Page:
Thank you Mother Nature, for not turning up the thermostat until the tournament's final day. Oh and giving the thunderstorms that often accompany this even the week off.
I can't tell you how impressed I am with how Virginia coach Kim Lewellen handled questions after the final round. Yes, her team's fourth-place finish, four strokes back of Alabama, matched the school's best ever finish at nationals, so there was still plenty of reason to smile. But their 23-over 1,175 total should have been five strokes lower--or one stroke better than champion Alabama--if not for a scorecard snafu in round one.
"If it had been the last day, maybe I'd be more [upset]," Lewellen said with no hesitation. "But because it was the first day, this could have put fire in their belly. Who knows, if this hadn't happened we might have finished 10th."
That's a healthy attitude to take.
The woman who incorrectly signed for a 4 on the fourth hole when she had made a 5, Elizabeth Brightwell, played her remaining 54 holes just five over par, arguably as impressive a finish as any player in the field given the circumstances. Had she been able to count her opening-round 72, she would have finished T-14 for the championship.
I only had 1,000 words for the game story I wrote in this week's issue of Golf World, and about 2,500 words of material. Unfortunately that means I didn't get a chance to touch on all the schools that were in reasonable reach of the top of the leader board during Friday's round. One group in particular that deserves mention is South Carolina. With a closing 293, the Gamecock finished in fifth place, five strokes back of the Crimson Tide, the best showing in school history. I honestly want to know what coach Kalen Harris says in May to her team because twice in the last three years she's gotten her squads to perform way above their usual standing, winning two East Regional titles and now coming within a five strokes of a national title. And then I want to know why she doesn't say it in October to help the team pick up it's first regular season title since 2005.
College golf is going to miss players like Giulia Molinaro. I know Arizona State senior final-round 79 wasn't how she wanted to end her career, but hopefully she realizes that's not how people will remember her final season. They'll instead recall the clutch performances you made knowing the Sun Devils were relying on you to step things up and be more mature now that Carlota Ciganda had turned pro.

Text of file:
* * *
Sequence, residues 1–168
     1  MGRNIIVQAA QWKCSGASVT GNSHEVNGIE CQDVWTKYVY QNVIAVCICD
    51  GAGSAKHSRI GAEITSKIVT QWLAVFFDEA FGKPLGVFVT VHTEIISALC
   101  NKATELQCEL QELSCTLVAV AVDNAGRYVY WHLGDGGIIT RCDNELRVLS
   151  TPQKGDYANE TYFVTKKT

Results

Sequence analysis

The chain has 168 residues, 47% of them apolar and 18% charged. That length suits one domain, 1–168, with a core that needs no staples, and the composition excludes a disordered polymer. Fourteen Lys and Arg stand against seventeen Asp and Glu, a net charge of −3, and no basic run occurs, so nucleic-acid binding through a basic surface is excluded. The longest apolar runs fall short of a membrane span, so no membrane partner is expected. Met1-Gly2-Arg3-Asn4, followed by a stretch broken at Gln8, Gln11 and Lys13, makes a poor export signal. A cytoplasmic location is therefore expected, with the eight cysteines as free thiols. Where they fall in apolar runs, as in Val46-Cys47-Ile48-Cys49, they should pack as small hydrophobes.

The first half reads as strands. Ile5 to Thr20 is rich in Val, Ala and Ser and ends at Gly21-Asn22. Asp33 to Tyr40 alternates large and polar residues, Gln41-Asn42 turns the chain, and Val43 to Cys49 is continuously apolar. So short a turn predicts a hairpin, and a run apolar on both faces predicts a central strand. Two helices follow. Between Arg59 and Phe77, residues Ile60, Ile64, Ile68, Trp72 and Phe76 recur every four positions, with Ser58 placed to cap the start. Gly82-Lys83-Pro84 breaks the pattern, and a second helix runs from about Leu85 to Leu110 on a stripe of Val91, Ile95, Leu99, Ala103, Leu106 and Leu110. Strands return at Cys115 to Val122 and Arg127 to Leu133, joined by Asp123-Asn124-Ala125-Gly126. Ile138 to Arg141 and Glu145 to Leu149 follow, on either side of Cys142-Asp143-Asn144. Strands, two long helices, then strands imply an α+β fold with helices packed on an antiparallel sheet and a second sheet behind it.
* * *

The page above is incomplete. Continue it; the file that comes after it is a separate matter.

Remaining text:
With birdies on four of her last five holes, Duke junior Lindy Duncan went from T-21 to T-6 in the final standings Friday, ensuring that she finished inside the top eight in every tournament she played in in 2011-12. There was simply no other choice for Ping NGCA national player of the year.
Sorry to hear that Florida coach Jan Dowling is leaving the Gator program after three seasons, beginning the summer coaching carousel. Here's hoping Dowling stays in the profession.
Beth Ann Baldry of Golfweek wrote about this Friday night and I concur: it's neat to see some new teams become prime-time players in the sport.
They could hold NCAAs at Vanderbilt Legends Club every third year and I'd be good with that. Maybe the greens were a little firmer than you'd like, but tweaking par on fourth and ninth holes made the course very entertaining.
Lastly, every player in last week's field should read this column by 22-year-old Yale student Marina Keegan, which beautifully articulates the emotions of finishing school and entering the real world. Tragically, Keegan died in a car accident this past weekend, five days after her graduation.
I pass this along not to bring you down, but to get you thinking. Don't take for granted the time you've spent playing college golf, the education it's helped you receive and the friendships that it's allowed you to make. They're wonderful. Use them to make the most of every day.